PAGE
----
COPYRIGHT 2020 DEBRA LITTLEJOHN SHINDER
“I’ve been framed (not)”
I’m seeing these “frames” appearing on more and more of my Facebook friends’ profiles and there’s a common theme:
Stay home – save lives
Stay home – stay safe
Stay home, stay home, stay home. I admit it bothers me a little. Maybe because somehow it reminds me of World War II Soviet propaganda posters.
Maybe I just don’t like being told what to do — and it seems to me especially inappropriate to command people to do or not do something as part of a picture that is supposed to represent you to your friends.
It’s not a very friendly message.
I guess I would feel differently if it said “I’m staying home and staying safe.” Hey, that’s your choice and your right. And if you want to tell the world what you’re choosing to do, I have no problem with that. I mean, the NRA frame says “I’m the NRA” — it doesn’t command you to join the NRA. The “I support our veterans” frame doesn’t command you to support our veterans. The “I love my sailor” frame doesn’t command you to love my sailor. Get the drift?
And maybe it wouldn’t rub me quite so much the wrong way if people weren’t being encouraged by some governors and mayors and regular citizens to report the people they see not staying home to the authorities so they can be “encouraged” to do so — through fines and jail if necessary. Yeah, this “tattle on your neighbors for doing perfectly normal and innocuous things” mentality doesn’t sit well with me.
Now, I know it’s very likely that the majority of those who slapped that frame on their profiles weren’t thinking they wanted to emulate Hitler. I’m guessing many of them did it for the same reason George Mallory climbed Mt. Everest: because it was there. Because other people were doing it. Because it seemed like the virtuous, supportive, we’re-all-in-this-together thing to do.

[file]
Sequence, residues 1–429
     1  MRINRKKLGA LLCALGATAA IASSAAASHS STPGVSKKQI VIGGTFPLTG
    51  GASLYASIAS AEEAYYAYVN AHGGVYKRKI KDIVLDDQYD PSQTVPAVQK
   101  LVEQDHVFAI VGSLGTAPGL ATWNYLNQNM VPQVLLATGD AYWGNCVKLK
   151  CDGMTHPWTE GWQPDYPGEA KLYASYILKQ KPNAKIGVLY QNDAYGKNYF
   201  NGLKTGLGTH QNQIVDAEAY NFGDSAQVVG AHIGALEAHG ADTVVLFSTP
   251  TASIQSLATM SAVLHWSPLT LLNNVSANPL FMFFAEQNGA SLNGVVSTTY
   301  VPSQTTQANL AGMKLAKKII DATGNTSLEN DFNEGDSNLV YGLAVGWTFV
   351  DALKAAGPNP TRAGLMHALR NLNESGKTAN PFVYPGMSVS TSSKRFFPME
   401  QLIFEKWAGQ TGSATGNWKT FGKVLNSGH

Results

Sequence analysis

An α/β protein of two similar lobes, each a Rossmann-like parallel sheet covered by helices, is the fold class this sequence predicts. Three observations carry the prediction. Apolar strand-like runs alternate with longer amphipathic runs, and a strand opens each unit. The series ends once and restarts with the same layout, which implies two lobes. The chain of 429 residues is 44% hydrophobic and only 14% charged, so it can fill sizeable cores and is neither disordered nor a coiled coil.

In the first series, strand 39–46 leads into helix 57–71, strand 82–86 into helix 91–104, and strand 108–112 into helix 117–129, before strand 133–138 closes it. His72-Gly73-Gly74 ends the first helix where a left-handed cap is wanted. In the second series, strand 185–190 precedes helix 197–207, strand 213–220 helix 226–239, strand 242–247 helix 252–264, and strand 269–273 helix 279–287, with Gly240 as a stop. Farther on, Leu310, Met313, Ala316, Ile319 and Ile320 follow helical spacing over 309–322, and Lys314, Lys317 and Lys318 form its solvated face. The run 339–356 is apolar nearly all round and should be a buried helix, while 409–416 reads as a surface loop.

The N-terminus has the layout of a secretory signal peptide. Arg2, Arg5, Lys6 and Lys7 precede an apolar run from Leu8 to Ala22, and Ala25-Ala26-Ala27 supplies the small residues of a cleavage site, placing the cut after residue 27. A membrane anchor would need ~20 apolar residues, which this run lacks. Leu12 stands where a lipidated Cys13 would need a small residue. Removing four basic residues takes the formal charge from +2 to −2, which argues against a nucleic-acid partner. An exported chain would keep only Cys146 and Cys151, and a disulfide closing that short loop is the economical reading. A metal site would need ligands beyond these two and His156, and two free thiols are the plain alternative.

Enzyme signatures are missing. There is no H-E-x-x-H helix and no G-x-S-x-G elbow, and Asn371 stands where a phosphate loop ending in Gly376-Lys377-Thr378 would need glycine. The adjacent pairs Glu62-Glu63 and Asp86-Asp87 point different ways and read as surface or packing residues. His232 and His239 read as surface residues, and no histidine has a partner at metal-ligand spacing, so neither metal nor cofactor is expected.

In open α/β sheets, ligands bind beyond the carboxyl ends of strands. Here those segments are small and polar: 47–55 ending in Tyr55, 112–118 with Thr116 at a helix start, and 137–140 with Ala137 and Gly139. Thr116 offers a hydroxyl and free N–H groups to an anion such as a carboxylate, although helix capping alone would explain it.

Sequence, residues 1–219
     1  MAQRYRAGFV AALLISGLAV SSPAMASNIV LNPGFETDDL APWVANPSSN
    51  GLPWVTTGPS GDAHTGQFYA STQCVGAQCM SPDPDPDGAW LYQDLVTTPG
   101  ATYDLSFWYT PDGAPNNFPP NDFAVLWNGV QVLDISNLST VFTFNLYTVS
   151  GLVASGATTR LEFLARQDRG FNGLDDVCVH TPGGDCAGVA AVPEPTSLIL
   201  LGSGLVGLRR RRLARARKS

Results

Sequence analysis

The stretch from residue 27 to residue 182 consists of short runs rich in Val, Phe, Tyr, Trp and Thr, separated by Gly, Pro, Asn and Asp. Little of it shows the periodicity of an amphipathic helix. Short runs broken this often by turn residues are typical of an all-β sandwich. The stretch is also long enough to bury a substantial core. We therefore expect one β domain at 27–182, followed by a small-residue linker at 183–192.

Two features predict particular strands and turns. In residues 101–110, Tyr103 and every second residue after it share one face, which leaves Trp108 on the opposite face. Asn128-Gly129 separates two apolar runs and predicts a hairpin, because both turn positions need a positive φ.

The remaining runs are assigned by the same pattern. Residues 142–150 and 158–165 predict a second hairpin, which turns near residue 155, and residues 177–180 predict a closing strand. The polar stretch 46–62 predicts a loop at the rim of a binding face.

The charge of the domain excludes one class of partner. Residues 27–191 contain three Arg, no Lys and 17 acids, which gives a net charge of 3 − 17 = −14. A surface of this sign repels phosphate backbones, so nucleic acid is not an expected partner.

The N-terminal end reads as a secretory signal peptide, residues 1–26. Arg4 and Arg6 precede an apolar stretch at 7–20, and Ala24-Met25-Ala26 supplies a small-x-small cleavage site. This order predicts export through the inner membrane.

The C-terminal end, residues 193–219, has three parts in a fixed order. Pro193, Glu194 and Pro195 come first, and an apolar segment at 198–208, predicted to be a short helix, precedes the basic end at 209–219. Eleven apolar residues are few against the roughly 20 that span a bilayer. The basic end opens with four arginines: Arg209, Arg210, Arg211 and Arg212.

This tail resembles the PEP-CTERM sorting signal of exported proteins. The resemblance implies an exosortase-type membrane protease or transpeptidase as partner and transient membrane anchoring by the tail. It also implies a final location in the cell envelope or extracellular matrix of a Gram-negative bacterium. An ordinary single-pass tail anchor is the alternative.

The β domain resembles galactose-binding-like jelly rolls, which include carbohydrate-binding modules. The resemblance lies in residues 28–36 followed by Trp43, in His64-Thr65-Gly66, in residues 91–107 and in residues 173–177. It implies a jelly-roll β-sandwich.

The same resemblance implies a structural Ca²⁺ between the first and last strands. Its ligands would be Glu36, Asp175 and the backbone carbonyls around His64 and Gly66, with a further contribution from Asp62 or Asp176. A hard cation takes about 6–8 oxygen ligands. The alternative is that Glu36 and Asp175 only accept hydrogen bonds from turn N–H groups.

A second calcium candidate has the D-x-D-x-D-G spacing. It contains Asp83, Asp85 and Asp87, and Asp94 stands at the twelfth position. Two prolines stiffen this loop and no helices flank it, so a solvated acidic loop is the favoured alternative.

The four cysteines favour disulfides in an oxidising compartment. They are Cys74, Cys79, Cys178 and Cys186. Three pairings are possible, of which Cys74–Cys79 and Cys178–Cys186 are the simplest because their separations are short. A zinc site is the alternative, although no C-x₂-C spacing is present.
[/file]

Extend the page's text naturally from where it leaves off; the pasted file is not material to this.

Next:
And hey, I’m not saying everyone doesn’t absolutely have the right to “wear” any frame on your profile picture that floats your boat. You do. And much as I dislike that particular frame, I would never, ever command you to not use it. Because just as I don’t like being told what to do, I also don’t like telling other people what do do. But it bothers me a little, nonetheless.
And maybe another reason it bothers me is because when I go to look at the available frames, I see a whole slew of “stay home” frames and I don’t see any that advocate opening up the country. I had to make my own. It would be nice if Facebook offered choices to those on both sides of the issue. But of course we already know which side Facebook is on — and we also know they tend to try to suppress the opinions of those who take stances opposite their own. Facebook removes posts promoting anti-quarantine protests.
Propaganda: information, especially of a biased nature, used to promote or publicize a particular political cause or point of view.
I guess my main concern with the “stay at home” propaganda (and that’s what it is) is the way it perpetuates the fear that the media, in furtherance of keeping people “tuning in,” and the government, as justification for keeping people under their iron control, have been fomenting throughout this good crisis that they would never let go to waste.
When did all our “fearless leaders” become so fearful, anyway? When did we as a people become so wimpy?
FDR was president of the U.S. during one of its most difficult times. He took office in the middle of the Great Depression, and arguably either saved the country from economic devastation or did irreparable harm to the country and the poor that has lasted for decades.
But whatever harm may have been done by his New Deal policies, he was a key figure in leading the Allied powers to eventual defeat of the Axis powers in World War II. And as much as I disagree with his social and economic programs, I will always admire him for uttering one sentence that lives on in history just surely as December 7th, 1941 lives in infamy:
“The only thing we have to fear is fear itself — nameless, unreasoning, unjustified terror which paralyzes needed efforts to convert retreat into advance.”